An unusual landlord-tenant arrangement has sparked a major dispute, with some tenants saying a property developer is reneging on an agreement to rent to them at below-market rates indefinitely in a new building on the site of their former home.
Reliance Properties CEO Jon Stovell says that was never the agreement. He says tenants were promised extended subsidies and two years in the new building – which could add up to $60,000 over five years and nothing more.
The dispute has left a sour taste for both sides in Vancouver, where vacancy rates are near zero, rents have skyrocketed and many once-affordable buildings are being emptied for renovations or redevelopment.
Some of the tenants who went to public hearings when the building was being rezoned say they feel they got burned. They are now being asked to sign the two-year lease for the new building this week or get out.
“We even went to City Hall and advocated on their behalf because of this,” said Karim Saleh, an English-language teacher who is wondering whether he and his wife will be able to stay on in the city at all. Leaving would be a massive disruption for his family because all of their jobs are in the downtown area, as is his son from a previous marriage, who lives with him part-time.
Mr. Saleh and two other sets of tenants had lived in a 10-unit apartment building near English Bay in the West End, now demolished and rebuilt as a “boutique high-rise.” They believed they were going to be able to continue to rent one-bedroom apartments, first in temporary accommodations while the new building was being constructed and then in the new building when finished, for about $1,400 a month for as long as they stayed there.
That’s the kind of tenant-relocation provision that the City of Burnaby is considering for its rental-apartment redevelopments, but it is not the standard in Vancouver.
Mr. Stovell had offered a special incentive because, he said, it was the right thing to do.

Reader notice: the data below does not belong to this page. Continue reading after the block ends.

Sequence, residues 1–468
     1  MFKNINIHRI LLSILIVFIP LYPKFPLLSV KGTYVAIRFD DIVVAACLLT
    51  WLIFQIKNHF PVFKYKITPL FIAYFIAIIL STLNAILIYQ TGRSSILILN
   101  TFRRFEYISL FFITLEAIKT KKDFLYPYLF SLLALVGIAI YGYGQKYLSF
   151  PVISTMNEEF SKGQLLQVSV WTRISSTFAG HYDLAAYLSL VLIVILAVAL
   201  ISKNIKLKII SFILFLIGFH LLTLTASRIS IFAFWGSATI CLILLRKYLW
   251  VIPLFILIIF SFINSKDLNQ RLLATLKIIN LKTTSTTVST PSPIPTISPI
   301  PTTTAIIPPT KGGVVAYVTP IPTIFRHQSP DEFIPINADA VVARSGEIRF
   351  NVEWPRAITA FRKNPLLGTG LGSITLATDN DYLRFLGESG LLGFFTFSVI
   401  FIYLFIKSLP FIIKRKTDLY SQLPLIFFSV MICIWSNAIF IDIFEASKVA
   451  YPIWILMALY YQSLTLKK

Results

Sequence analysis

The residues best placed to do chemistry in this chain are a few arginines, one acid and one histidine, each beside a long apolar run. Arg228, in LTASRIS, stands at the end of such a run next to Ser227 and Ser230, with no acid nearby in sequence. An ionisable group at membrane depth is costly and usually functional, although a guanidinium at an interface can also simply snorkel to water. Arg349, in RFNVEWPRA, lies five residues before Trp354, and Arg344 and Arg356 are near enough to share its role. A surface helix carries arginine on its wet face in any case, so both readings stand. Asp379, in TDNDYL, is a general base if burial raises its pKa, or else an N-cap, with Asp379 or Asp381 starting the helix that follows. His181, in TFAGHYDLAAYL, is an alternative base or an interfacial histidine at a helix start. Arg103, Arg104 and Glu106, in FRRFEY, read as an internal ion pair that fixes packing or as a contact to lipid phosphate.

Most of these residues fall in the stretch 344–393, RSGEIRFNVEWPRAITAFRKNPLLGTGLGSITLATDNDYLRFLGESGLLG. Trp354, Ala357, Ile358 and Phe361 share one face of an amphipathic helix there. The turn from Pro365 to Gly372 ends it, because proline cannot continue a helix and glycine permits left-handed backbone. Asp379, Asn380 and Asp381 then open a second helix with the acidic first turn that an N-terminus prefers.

He says his company has provided tenants almost three years of below-market rates temporarily in one of its other buildings during construction, but had always said there would be two years only in the new building at a reduced rate, through a fixed-tenancy agreement.
When the province changed the rules on fixed tenancies in 2017, the company dealt with the issue legally by deciding the rents would be set at $2,350 but the tenants would get a subsidy cheque of $1,000 a month for two years.
But the tenants believed they would have the right, under the changed law, to continue renting at the old rate with only the provincially allowable rent increases, which are pegged to inflation – about 2 per cent a year.
A one-bedroom apartment in that area rents for $1,700 to $3,000, with older buildings at the lower end.
Mr. Stovell said it would cost hundreds of thousands of dollars a unit to subsidize the new units for those tenants indefinitely.
Both sides in the dispute claim city officials have said, at points, their interpretation of the agreement is correct, although tenant Kian Gray acknowledged staff have more recently told him the company has found a legal way to do what it is doing. The city’s communications department said only that staff are “monitoring” the agreement.
The written agreement, which Mr. Gray provided to The Globe and Mail, says only that tenants have the right of first refusal for a similar unit in the new apartment “for the same rent amount during a two (2) years term.”
Mr. Gray and the others say Mr. Stovell’s company has violated the “spirit” of the agreement.
Mr. Stovell said he’s disappointed that the tenants, handed what he says is the best relocation offer anyone in the city has had, are complaining.
“There’s no requirement to insulate tenants against market rates in perpetuity. This is very irresponsible and self-serving.”